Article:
'Loudspeaker' movie review: ‘Simple’ game leads to complicated situation

Are mobile phones a boon or a bane? In Loudspeaker, director Shiva Tejas takes a look at this over a decade-old debate except that he gives it a refreshing and realistic take.

Published: 10th August 2018 10:24 PM  |   Last Updated: 11th August 2018 12:19 PM   |  A+A-

Express News Service

Film: Loudspeaker

Cast: Abhishek Jain, Kavya Shah, Sumanth Bhat, Anusha Rodrigues and Bhaskar Ninasam

Director: Shiva Tejas

Rating: 3/5

Are mobile phones a boon or a bane? In Loudspeaker, director Shiva Tejas takes a look at this over a decade-old debate except that he gives it a refreshing and realistic take. The story, written by Abhishek, revolves around how the entire world is taking advantage of technology. A film that comes with a simple story, revolves around a dangerous game, and in the end,  a life lesson.

In brief, a few friends along with their spouse gather for a weekend dinner and decide to play a ‘Simple’ game, wherein every time any of them receives a call, it must be answered on speaker mode. In addition, every message or e-mail conversation has to be shared with all those present.

This leads to some hilarious moments and uncomfortable situations with each one getting to know their spouse’s inner secrets, which might not have been revealed otherwise. The twist comes when Kavya (Kavya Sha) gets to know about her husband’s extramarital affairs and goes missing from the house party. The group panics and land up at the police station. Why does Kavya go missing? Will they find her? What will be the aftermath of the game? With questions and worries, the audience is able to relate to the goings-on.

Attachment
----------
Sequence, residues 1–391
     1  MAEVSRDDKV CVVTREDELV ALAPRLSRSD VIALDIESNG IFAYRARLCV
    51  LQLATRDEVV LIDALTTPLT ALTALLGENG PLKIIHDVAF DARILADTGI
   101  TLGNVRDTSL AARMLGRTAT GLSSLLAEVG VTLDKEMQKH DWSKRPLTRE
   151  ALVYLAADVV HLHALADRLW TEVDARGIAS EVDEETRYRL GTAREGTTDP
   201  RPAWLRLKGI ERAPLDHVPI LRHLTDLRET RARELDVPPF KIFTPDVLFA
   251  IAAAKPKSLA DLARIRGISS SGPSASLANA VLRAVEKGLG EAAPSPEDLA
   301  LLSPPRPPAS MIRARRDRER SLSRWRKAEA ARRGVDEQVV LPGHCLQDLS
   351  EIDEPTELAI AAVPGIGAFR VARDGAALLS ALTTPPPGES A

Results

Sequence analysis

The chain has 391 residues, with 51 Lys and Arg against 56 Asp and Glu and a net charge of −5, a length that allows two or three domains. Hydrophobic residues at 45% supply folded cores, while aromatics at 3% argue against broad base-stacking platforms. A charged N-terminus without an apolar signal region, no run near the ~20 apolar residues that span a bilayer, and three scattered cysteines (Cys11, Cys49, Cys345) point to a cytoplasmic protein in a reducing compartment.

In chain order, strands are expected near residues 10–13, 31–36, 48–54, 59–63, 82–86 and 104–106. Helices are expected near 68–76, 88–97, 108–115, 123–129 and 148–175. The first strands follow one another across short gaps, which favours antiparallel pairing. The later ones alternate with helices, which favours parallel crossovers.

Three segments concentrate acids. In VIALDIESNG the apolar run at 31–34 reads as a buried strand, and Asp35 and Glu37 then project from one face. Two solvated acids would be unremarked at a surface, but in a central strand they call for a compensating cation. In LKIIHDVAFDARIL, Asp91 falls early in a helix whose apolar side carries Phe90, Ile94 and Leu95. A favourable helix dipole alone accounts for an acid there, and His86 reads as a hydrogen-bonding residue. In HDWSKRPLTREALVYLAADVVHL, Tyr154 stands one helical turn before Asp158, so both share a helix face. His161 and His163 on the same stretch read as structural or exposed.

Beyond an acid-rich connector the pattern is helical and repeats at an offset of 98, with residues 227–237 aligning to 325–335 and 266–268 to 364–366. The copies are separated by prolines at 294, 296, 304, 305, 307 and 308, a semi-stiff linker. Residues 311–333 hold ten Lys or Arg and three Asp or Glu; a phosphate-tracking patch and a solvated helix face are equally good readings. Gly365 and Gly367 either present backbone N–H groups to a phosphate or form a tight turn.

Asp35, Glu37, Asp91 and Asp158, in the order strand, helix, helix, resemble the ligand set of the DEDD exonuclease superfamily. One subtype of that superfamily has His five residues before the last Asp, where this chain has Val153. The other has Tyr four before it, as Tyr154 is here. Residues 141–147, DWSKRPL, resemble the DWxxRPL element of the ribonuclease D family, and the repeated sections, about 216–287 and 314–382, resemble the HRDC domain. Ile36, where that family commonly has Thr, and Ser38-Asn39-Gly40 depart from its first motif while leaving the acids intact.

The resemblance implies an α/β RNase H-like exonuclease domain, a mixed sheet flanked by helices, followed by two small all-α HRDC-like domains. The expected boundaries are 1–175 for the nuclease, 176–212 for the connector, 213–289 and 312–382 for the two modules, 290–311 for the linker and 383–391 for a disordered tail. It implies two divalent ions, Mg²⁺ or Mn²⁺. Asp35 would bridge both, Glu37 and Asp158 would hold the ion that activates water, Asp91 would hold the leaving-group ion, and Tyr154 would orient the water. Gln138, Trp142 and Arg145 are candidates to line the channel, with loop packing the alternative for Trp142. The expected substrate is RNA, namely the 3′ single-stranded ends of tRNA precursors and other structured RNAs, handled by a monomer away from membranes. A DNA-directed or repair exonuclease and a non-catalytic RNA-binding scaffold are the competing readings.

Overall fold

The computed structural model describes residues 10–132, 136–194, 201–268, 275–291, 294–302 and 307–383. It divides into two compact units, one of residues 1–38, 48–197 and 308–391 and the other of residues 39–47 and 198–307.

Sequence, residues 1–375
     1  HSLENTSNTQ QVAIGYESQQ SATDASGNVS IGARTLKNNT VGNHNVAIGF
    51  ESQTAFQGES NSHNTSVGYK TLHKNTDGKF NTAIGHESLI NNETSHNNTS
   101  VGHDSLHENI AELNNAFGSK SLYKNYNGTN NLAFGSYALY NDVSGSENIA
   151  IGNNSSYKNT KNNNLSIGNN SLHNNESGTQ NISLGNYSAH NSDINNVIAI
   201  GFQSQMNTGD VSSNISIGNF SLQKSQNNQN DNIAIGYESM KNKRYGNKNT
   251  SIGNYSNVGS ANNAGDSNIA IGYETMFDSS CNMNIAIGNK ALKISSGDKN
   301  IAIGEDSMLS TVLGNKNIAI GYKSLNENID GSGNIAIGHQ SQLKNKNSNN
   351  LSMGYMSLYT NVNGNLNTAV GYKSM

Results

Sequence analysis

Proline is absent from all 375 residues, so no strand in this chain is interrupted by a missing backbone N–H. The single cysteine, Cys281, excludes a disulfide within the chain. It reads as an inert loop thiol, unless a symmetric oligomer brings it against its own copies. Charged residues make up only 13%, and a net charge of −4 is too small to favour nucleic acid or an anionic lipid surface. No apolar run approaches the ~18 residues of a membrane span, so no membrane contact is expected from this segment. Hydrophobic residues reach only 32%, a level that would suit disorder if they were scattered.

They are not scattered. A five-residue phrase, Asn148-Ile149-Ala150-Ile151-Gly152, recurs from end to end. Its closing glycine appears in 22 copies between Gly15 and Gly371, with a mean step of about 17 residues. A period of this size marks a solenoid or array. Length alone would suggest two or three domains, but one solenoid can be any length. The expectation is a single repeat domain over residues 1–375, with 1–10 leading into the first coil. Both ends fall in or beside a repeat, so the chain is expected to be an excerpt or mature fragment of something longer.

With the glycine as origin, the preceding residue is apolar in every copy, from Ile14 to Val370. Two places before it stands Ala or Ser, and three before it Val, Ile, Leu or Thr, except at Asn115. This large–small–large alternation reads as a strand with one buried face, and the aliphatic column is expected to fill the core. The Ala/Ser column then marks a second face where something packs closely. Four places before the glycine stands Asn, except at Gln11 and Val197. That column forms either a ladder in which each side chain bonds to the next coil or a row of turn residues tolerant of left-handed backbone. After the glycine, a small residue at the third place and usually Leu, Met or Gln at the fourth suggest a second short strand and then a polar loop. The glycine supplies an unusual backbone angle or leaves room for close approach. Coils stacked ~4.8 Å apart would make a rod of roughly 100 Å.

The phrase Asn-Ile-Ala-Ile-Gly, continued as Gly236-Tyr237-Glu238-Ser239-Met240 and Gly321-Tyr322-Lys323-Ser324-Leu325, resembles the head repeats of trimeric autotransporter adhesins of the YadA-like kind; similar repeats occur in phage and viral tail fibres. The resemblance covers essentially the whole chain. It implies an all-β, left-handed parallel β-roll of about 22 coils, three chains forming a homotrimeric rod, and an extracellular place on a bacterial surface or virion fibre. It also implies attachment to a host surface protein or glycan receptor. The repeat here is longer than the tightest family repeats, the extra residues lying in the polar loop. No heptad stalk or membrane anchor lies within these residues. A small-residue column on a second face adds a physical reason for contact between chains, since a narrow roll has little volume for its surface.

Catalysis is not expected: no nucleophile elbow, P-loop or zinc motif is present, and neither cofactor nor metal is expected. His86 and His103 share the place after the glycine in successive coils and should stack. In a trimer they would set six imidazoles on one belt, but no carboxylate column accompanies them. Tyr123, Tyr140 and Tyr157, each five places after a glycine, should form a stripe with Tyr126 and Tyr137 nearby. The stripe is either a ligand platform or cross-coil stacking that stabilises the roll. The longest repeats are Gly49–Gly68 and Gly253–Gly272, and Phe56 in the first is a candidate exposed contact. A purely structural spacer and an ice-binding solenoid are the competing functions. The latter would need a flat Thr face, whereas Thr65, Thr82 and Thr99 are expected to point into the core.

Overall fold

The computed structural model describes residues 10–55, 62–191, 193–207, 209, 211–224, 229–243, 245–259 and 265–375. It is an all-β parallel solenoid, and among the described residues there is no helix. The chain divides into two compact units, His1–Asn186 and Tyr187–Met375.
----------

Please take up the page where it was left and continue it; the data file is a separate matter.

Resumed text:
Shiva Tejas drives the film with the tech tool, at the same time giving it a realistic touch. The director, without getting preachy, actually throws light on how social media has changed the nature of human networking. There are times in the film when the audience sit up and think about how mobile phones and various social network platforms have empowered and made us so dependent on them. Will the film change the way people perceive and use technology?

A shout-out to dialogue-writer, Vijay Eshwar whose simple yet complex lines manage are thought-provoking but manage to bring a smile, laugh when it should. Comprising an ensemble cast, the film’s actors (Abhishek Jain, Kavya Shah, Sumanth Bhat, Anusha Rodrigues, Bhaskar Ninasam) manage to evoke the right responses and reactions. The film gets a good support from senior actor Rangayana Raghu. All the actors are relatable especially in the way they communicate with each other, use the phone at any given point in time, including meal times, and prefer virtual conversations over real-time ones.

For the film made on a shoe-string budget, the writer has been inspired by international films, but has written the script to suit Indian sensibilities. A bold move by Shiva was to get rid of unnecessary songs in the film. But, cinematographer Kiran Hampapura has very little to explore but for the interiors of the house, and police station.

The director’s parting thought: Are social networking sites a potent weapon? Are they destroying human values? Some real-time debates may answer these questions on situations that the virtual world has given rise to.  

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